Wheelabrator has interposed affirmative defenses alleging that the Kerns have failed to state a claim upon which relief may be granted and that any injuries sustained by Kern were caused by his own negligence and that he assumed the risk.

 The Motions

 The defendants have moved for summary judgment, contending that they are immune from any common-law action by New York's Worker's Compensation Law §§ 11 and 29(6), that the Kerns' breach of warranty claim is time barred, and that the strict liability claim has no basis in law or fact. Defendant Wheelabrator further contends that if any liability is found, it must be attributable to its subsidiary, Copysystems; and a parent corporation may not be held liable for the acts of its subsidiary.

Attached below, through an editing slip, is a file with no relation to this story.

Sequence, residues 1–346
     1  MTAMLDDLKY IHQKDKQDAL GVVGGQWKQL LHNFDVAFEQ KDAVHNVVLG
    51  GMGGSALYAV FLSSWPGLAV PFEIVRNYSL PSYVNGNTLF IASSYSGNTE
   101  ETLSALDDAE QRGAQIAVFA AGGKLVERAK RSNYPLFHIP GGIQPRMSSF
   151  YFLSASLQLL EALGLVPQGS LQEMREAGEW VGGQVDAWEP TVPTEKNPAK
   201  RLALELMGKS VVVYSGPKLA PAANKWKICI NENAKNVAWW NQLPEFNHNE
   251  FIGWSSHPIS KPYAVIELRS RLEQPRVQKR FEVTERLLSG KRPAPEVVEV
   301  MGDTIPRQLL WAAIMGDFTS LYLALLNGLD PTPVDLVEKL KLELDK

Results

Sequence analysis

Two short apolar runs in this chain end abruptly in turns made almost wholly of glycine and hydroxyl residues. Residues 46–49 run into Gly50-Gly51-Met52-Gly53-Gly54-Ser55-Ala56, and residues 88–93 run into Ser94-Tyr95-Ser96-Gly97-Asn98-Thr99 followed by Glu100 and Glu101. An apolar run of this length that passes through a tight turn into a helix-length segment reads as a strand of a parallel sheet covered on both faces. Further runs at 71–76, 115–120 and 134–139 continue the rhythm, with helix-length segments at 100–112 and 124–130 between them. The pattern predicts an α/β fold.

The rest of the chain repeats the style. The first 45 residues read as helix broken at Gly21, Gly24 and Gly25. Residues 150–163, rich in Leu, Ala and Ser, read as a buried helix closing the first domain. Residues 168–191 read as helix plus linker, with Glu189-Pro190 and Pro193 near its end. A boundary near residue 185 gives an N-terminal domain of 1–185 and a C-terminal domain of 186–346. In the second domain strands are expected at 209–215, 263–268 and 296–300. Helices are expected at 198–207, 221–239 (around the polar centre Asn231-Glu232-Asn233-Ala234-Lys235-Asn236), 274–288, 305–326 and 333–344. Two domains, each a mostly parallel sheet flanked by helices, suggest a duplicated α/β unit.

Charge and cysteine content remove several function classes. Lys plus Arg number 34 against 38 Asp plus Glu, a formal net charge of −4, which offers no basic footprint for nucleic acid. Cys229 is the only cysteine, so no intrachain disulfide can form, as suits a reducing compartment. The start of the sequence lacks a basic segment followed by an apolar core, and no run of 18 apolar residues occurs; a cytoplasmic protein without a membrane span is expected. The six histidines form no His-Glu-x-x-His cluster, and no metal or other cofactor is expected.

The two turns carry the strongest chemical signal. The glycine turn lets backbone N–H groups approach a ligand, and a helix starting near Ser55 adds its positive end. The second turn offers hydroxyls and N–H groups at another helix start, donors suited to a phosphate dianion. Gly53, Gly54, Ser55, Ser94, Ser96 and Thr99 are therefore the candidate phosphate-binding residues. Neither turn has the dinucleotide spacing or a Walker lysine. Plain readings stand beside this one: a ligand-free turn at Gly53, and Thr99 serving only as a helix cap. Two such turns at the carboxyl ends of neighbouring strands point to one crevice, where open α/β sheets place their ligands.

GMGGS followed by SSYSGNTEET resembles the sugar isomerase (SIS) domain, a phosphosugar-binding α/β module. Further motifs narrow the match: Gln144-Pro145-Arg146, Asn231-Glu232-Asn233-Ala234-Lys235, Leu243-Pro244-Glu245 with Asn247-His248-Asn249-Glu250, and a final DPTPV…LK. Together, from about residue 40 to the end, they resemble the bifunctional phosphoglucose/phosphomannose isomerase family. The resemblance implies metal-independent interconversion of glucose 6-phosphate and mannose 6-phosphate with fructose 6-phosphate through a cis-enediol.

Discussion

 I. Standards for Summary Judgment

 Summary judgment procedures, in accordance with Rule 56, facilitate the overall purpose of the Federal Rules of Civil Procedure, which are designed "to secure the just, speedy and inexpensive determination of every action." Fed. R. Civ. P. 1; Celotex Corp. v. Catrett, 477 U.S. 317, 327, 91 L. Ed. 2d 265, 106 S. Ct. 2548 (1986). Rule 56(c) provides that summary judgment "shall be rendered forthwith if the pleadings, depositions, answers to interrogatories, and admissions on file, together with the affidavits, if any, show that there is no genuine issue as to any material fact and that the moving party is entitled to a judgment as a matter of law." Fed.R.Civ.P. 56(c); Anderson v. Liberty Lobby, Inc., 477 U.S. 242, 255, 91 L. Ed. 2d 202, 106 S. Ct. 2505 (1986); Moller v. N. Shore Univ. Hosp., 12 F.3d 13, 15 (2d Cir. 1993).